Archive for The Eagle Has Landed

The Taking of Studley Constable

Posted in FILM, literature, Politics with tags , , , , , , , , , , , on July 14, 2015 by dcairns

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One could wish that author Jack Higgins had invented a Norfolk village with a less silly name than Studley Constable as the setting for his war adventure The Eagle Has Landed, or that Tom Mankiewicz, adapting it, had switched the location to somewhere with more dignity. Scratby, perhaps, or East Runton.

The John Sturges movie based on the book must have seemed a bit old-fashioned in 1976, but as I recall there was a certain market for that kind of thing at the time, as an alternative to the prevailing direction of Hollywood cinema — the IMDb’s list of ten “most popular” films for that year doesn’t feature a lot of romance — things tend to end as they do for Kong and Dwan, or Travis and Betsy, or Sissy Spacek and bucket guy — making Jenny Agutter and Donald Sutherland — the English rose and the ungulate Casanova — the screen’s sexiest couple of ’76. She even consented to do clothed scenes, but only because they were essential to the plot.

They genuinely are good together. Sutherland plays one of those sympathetic IRA men beloved of Hollywood (in a film crowded with sympathetic Nazis), and Agutter is twenty-five playing “almost nineteen,” a village girl smitten with the romantic newcomer. And she sells it. I don’t know if that was a difficult task — maybe she just defocussed her eyes and imagined chocolate eclairs — but she seems to be spectacularly interested in everything that dribble of a face is doing. Fiona finds Sutherland devilishly attractive, in a deeply weird way. The scene where he orders a bartender to suck his thumb had her all a-tremble.

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While Sutherland has never really mastered an accent in a film, and essays an extreme and wonky brogue here,  he does have fun in the role, grinning satanically and boozing a lot. He’s the only one with good dialogue. And he’s the best Irish Nazi since Stephen Boyd in THE MAN WHO NEVER WAS. Michael Caine (Jewish Nazi) tries to talk in a slightly clipped way suggestive of being German, and Robert Duvall (another no-hoper when it comes to accents, except for a rather good blue-collar New York which I was surprised to discover wasn’t his native idiom) lays it on thick, though not as badly as he would playing Watson in THE SEVEN PER CENT SOLUTION the same year. I would love to see a movie where Sutherland does his FIRST GREAT TRAIN ROBBERY English, and Duvall does his Watson, but I think I should go mad watching it.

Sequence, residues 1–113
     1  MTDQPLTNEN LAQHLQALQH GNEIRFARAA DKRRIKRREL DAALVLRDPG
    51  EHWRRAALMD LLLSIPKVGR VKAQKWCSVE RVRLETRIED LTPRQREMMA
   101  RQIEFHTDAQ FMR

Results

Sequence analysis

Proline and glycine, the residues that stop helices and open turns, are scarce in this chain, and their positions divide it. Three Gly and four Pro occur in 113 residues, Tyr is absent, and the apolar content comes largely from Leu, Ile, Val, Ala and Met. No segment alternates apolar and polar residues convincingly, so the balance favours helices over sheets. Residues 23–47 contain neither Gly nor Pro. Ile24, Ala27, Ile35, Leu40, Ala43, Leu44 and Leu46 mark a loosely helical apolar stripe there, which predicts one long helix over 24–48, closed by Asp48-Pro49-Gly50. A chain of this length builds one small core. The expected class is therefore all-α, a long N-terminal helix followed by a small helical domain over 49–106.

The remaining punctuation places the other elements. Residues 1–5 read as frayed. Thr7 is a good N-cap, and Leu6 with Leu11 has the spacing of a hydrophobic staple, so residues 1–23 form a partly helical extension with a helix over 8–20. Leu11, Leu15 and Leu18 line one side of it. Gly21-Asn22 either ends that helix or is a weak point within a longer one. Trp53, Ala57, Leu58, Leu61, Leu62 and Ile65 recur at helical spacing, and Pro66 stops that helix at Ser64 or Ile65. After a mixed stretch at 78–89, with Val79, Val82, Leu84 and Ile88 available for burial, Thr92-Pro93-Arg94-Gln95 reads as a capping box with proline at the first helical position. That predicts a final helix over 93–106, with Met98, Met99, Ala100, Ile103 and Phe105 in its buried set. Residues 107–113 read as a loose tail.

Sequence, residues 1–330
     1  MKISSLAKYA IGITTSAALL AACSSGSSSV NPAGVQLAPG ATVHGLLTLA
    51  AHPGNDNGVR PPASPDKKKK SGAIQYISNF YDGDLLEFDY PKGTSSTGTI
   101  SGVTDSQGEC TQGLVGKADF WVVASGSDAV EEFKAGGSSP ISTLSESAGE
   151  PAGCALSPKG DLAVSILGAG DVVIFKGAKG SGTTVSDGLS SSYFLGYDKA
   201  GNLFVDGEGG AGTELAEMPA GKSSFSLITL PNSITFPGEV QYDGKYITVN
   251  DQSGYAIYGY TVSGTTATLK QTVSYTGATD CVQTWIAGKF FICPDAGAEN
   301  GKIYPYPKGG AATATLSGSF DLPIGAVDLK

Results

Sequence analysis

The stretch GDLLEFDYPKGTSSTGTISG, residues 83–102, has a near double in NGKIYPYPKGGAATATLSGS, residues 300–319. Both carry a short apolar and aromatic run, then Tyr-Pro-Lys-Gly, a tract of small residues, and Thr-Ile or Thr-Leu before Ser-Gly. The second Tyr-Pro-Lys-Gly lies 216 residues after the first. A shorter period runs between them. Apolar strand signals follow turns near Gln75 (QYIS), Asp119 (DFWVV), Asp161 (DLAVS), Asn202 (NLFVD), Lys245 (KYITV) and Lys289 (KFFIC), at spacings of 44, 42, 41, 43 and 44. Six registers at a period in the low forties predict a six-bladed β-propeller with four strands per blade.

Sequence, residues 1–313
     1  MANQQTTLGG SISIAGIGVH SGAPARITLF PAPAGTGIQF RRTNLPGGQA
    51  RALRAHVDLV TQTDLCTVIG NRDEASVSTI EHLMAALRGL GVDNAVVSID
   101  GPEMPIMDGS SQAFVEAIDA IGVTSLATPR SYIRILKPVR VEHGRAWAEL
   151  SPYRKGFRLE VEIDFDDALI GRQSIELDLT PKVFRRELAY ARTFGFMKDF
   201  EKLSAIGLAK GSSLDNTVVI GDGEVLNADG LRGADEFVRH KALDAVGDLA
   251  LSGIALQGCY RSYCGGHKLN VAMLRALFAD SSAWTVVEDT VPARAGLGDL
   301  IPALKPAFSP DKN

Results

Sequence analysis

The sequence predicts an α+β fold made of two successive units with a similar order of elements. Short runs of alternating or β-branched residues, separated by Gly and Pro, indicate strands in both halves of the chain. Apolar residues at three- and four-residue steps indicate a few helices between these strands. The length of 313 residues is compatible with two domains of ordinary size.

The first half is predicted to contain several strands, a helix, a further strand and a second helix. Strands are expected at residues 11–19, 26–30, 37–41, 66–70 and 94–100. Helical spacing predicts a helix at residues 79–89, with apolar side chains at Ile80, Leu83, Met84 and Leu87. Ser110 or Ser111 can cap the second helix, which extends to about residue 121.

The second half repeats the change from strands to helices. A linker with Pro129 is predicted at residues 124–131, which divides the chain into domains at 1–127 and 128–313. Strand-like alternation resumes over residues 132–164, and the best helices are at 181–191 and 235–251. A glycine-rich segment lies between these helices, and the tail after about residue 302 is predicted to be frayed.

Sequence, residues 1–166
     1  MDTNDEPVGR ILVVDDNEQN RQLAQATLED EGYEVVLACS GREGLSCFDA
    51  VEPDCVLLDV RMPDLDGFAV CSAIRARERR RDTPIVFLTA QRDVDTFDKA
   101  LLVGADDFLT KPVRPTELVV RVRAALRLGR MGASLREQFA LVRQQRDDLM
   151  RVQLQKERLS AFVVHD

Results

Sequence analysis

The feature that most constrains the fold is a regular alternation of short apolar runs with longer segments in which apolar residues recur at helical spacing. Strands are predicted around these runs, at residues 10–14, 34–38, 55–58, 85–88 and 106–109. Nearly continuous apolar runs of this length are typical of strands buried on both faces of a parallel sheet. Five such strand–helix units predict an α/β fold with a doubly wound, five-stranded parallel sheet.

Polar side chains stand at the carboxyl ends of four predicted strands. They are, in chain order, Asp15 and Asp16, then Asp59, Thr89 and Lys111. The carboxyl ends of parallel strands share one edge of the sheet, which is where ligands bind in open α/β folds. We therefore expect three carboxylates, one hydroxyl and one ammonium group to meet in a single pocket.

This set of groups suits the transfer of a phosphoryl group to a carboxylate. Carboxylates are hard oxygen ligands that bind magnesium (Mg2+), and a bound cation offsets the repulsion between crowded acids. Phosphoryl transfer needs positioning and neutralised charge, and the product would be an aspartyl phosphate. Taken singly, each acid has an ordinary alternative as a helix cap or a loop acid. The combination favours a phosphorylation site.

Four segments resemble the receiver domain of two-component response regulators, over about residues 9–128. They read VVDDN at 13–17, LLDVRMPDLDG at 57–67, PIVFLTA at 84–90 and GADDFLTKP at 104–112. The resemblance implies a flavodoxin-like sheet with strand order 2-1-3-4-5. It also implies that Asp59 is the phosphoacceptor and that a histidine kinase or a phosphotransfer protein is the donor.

Caine has a line near the end about no longer driving events but being driven by them, and it’s very apt indeed, but it could apply to everything that happens in this movie from the start. Plot dictates every move, and people keep shifting out of character to allow the plot to get done. Jenny Agutter becomes a murderer — WHAT? Larry Hagman (very amusing) is at least set up as a knucklehead desperate for glory, but that’s an example of a character being machine-tooled and dropped into position to fulfill a narrative function. Spectacular accidents occur in order to move things along more briskly.

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The whole thing is swiped from …WENT THE DAY WELL? which is a much better movie. Higgins even began his novel in a post-war English graveyard, like Cavalcanti’s film, though fortunately the movie dispenses with this pilfered prologue. What Higgins added is the Churchill kidnap plot, which makes it high-concept, and the idea of the Germans as heroes, which is dicey at best. Proving that Caine’s character isn’t anti-semitic in an introductory scene smacks of special pleading, and the efforts to make Duvall’s Colonel likable count for nothing — he would have been just as effective as a bastard, since what the audience cares about is What Will Happen? We aren’t, after all, rooting for the Nazis to win, we are merely concerned by a scheme.

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Higgins reports (in his foreword to the book) that he did encounter resistance to the idea of Nazis as leads, but says that his dealings with German soldiers in the fifties had made it clear to him that “most of them were just like us.” That should worry you, Jack!

Studley Constable (that name!) cemetery is full of gravestones that wobble when anyone touches them.

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The real studly constable (right).

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